Throughout the trials there has been scant evidence or detail of the criminal acts the Altans are said to have committed. A key part of the case has centred on their participation in a TV programme on 14 July 2016, the day before the coup attempt, during which they are said to have sent “subliminal messages” to the coup plotters. (In fact, they discussed the fact that there would be elections and that Erdogan might be voted out.) After this “evidence” was ridiculed wholesale in the Turkish media, it was dropped. In a similarly farcical use of evidence, six $1 bills found in Mehmet Altan’s apartment are cited as proof of his support for the coup, though how these could possibly contribute to attempting to overthrowing the constitutional order remains unclear.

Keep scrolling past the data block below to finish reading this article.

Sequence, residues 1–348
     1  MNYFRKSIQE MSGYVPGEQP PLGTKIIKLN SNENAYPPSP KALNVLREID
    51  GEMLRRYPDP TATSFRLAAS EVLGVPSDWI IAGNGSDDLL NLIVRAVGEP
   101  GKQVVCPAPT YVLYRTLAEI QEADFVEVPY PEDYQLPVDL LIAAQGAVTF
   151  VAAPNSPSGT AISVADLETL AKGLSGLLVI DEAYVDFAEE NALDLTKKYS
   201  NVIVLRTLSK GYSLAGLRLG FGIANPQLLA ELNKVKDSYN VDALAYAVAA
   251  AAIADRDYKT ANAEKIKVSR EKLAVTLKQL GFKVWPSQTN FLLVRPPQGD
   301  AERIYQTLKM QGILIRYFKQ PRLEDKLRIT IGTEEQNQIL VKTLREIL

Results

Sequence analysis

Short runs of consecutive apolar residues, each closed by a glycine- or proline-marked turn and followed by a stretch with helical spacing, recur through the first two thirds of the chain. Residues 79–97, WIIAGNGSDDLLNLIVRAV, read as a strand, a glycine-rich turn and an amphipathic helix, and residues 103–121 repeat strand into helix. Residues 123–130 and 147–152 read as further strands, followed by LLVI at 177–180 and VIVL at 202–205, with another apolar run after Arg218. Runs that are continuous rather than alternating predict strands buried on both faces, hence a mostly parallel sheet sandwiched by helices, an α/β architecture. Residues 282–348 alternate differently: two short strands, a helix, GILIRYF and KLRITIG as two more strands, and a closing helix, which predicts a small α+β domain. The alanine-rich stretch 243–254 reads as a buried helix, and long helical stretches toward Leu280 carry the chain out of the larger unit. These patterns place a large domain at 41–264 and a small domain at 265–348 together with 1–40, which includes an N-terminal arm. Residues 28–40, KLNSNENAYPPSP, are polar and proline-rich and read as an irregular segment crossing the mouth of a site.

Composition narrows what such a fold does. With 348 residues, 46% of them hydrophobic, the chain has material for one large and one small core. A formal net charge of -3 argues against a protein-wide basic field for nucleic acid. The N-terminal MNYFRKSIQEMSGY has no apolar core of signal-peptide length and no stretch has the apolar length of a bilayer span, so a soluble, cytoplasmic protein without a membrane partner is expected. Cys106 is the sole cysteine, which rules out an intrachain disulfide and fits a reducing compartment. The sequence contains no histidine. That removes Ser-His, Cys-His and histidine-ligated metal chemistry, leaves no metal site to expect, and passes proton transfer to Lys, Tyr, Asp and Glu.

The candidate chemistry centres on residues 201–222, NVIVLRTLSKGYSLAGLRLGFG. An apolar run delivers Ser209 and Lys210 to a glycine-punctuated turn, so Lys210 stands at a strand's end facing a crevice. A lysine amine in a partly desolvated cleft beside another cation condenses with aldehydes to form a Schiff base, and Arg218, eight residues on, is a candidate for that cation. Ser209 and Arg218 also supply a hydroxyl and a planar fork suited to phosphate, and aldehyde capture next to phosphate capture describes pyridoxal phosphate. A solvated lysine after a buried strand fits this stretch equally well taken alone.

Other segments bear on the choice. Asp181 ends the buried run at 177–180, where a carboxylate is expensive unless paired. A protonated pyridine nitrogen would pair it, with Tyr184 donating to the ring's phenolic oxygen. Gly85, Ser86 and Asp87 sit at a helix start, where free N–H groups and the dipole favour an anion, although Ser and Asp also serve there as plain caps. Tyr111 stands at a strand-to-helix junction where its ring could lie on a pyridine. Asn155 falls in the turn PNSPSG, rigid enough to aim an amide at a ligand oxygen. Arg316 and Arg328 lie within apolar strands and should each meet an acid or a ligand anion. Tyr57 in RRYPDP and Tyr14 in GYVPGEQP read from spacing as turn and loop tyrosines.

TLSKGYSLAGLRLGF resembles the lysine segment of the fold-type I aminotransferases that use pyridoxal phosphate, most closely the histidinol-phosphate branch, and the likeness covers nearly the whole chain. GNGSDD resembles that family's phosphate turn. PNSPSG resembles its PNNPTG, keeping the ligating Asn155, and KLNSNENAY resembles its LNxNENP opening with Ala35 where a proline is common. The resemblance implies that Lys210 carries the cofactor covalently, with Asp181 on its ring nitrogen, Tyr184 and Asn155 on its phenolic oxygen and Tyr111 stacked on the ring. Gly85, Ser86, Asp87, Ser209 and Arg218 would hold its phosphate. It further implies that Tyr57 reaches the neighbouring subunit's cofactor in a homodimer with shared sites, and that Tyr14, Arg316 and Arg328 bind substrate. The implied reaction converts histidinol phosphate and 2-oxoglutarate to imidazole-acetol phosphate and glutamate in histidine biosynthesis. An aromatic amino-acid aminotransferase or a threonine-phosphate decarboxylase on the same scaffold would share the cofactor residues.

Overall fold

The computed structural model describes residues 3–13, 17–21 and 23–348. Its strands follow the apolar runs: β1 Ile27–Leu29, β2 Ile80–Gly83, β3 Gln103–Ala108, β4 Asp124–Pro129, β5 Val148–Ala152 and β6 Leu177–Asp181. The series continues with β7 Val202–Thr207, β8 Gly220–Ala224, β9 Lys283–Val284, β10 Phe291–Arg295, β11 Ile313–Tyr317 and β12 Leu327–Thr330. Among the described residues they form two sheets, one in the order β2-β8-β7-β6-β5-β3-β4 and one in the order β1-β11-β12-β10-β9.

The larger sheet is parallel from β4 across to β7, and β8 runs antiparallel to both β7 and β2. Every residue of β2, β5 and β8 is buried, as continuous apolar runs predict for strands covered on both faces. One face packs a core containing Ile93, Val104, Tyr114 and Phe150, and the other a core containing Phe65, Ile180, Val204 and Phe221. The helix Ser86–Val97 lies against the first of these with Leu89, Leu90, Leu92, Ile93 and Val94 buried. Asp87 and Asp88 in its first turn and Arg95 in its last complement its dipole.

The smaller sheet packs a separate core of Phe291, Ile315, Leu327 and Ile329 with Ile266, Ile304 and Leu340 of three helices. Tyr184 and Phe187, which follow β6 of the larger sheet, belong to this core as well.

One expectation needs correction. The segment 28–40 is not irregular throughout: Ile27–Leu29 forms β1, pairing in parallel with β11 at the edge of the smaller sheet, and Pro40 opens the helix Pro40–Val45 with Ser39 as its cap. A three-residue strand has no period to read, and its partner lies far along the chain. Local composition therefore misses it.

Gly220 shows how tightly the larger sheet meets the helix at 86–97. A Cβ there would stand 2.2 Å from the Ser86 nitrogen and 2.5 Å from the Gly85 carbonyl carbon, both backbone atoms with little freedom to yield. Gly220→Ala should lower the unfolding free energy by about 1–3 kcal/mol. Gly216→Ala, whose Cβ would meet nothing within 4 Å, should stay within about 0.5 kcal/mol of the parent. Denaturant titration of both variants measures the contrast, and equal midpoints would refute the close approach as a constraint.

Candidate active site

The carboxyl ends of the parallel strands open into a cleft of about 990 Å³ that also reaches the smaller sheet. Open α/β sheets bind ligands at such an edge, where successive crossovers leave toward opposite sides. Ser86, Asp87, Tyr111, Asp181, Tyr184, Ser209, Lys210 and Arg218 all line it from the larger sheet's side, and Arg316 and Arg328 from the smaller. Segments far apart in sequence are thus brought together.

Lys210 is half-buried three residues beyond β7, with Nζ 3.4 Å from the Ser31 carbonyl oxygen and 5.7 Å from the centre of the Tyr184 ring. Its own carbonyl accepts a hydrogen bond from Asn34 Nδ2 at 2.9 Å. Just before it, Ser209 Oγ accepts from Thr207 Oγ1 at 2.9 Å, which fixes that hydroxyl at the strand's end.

Leading QC, Pete Weatherby, characterised the proceedings as a “show trial” in a report for English Bar Human Rights Committee. At a hearing in November 2017, the judge abruptly expelled the entire defence team. Mehmet Altan was left to defend himself with no lawyer present. I had the surreal experience of observing that hearing with his defence team from the court cafeteria via Twitter. On Monday of this week, his lawyer was expelled from court once again, this time for insisting that the recent landmark Turkish Constitutional Court decision on his client’s case be included in the court’s record, to say nothing of it being upheld.